"What the [expletive] are you stopping me, like I stole something," Bryant was quoted as saying by a News 8 source. "I'm not leaving until my attorney and my representative get here."

Police said Bryant continued cursing as the off-duty officers escorted him to his vehicle.

"Mr. Bryant entered his vehicle but parked in a fire lane still refusing to leave, necessitating a request for on-duty officers to respond to the location," the Dallas police statement said.

To read the Dallas Police Report, click here. Bryant, for his part, claims his pants were actually up and that he was respectful to the officers.

While the facts of the incident are in question, the incident is clearly embarrassing for Bryant and the Cowboys, and maybe the NFL, too. And under the NFL's Personal Conduct Policy, commissioner Roger Goodell can issue a sanction for any behavior that he deems detrimental to the league's image.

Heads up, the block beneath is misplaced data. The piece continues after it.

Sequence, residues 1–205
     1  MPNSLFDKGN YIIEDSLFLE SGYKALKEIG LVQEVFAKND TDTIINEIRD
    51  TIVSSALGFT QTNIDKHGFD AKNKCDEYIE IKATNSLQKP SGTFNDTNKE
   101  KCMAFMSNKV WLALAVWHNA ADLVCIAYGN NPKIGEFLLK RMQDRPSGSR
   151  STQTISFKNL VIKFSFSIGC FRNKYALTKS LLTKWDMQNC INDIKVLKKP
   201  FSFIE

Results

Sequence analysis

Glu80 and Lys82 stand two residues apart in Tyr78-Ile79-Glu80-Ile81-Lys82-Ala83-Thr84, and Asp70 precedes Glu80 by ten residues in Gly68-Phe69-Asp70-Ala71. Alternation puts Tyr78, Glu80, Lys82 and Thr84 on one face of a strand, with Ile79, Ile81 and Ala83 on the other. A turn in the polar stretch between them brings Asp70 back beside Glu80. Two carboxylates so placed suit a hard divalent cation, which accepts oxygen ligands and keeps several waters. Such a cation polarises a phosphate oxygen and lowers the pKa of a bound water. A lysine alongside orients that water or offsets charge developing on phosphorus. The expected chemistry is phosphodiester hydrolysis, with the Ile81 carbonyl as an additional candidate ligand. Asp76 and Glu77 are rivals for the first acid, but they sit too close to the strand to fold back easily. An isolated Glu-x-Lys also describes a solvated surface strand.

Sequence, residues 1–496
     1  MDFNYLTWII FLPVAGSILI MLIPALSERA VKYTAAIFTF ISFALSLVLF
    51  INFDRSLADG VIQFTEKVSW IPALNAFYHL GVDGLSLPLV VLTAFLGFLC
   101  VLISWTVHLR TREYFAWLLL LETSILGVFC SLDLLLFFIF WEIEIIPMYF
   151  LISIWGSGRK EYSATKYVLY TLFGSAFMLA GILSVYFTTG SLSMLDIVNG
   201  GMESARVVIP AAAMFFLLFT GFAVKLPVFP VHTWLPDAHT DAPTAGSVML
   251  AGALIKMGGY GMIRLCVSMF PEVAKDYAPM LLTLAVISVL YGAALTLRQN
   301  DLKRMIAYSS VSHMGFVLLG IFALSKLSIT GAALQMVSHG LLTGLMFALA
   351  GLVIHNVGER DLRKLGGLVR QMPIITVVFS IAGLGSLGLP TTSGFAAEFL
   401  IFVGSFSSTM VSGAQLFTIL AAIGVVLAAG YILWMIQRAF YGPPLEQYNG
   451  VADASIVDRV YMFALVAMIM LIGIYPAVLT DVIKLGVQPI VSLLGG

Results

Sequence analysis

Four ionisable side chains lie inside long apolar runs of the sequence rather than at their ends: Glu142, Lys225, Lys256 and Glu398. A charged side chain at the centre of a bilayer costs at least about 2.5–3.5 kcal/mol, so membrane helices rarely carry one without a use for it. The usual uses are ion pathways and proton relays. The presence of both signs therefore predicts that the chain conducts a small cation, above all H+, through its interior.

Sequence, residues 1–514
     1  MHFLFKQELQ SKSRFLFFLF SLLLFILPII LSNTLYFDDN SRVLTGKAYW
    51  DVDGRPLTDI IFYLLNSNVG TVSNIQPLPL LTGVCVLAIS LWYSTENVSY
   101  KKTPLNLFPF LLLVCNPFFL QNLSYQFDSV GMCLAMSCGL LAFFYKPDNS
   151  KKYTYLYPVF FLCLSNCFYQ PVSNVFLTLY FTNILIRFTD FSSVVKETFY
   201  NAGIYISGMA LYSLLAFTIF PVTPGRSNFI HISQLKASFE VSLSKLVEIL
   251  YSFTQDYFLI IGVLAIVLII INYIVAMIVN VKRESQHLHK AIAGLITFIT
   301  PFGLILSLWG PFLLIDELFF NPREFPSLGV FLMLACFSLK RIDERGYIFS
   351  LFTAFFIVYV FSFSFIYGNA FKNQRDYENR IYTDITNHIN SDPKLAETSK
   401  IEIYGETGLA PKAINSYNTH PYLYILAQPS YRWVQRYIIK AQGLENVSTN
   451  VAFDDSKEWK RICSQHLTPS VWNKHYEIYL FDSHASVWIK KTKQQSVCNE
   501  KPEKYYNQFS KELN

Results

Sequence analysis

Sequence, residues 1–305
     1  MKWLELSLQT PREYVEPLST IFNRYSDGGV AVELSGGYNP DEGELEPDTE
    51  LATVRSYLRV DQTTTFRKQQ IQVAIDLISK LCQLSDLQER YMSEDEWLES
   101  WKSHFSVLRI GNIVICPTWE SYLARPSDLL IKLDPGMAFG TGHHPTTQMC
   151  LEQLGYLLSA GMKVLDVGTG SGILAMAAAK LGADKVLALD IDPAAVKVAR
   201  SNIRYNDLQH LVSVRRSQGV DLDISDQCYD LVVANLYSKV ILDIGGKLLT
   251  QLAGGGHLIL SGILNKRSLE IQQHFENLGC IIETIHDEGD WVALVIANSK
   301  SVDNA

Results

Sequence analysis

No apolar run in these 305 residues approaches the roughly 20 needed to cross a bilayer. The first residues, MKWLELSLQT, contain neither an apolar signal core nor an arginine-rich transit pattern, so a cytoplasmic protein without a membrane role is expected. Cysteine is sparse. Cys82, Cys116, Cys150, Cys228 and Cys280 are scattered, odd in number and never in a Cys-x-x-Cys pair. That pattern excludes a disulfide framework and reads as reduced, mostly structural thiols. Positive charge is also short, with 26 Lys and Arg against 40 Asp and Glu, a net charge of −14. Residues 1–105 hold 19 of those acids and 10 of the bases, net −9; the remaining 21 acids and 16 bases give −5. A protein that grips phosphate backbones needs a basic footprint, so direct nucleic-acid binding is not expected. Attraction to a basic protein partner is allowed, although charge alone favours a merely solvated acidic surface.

But is the league's personal conduct policy still in effect during the lockout? The league says yes and that it will assign penalties for misbehavior during the lockout after the lockout ends. The NFLPA has chosen not to opine on whether the policy is still in effect.

I'm not sure the league is right. During a lockout, a player is completely separated from his employment with the team and the league as a whole - and, unlike with a player strike, the only way for that separation to end is for the league to end the lockout. The player can sign with a team in another pro football league or take on some other employment; he's not getting paid any salary or receiving any benefits from his NFL team, so why should he be obligated to follow the NFL's personal conduct policy?





6 Comments:

Assuming, for the sake of argument, that the parties are at impasse, and further assuming that the policy was in place at the time impasse arose, it seems to me the employer still has the right to retain and enforce the policy. I don't agree with that necessarily, but all in all it's pretty basic labor law.

Blogger Tribe -- 3/23/2011 10:28 AM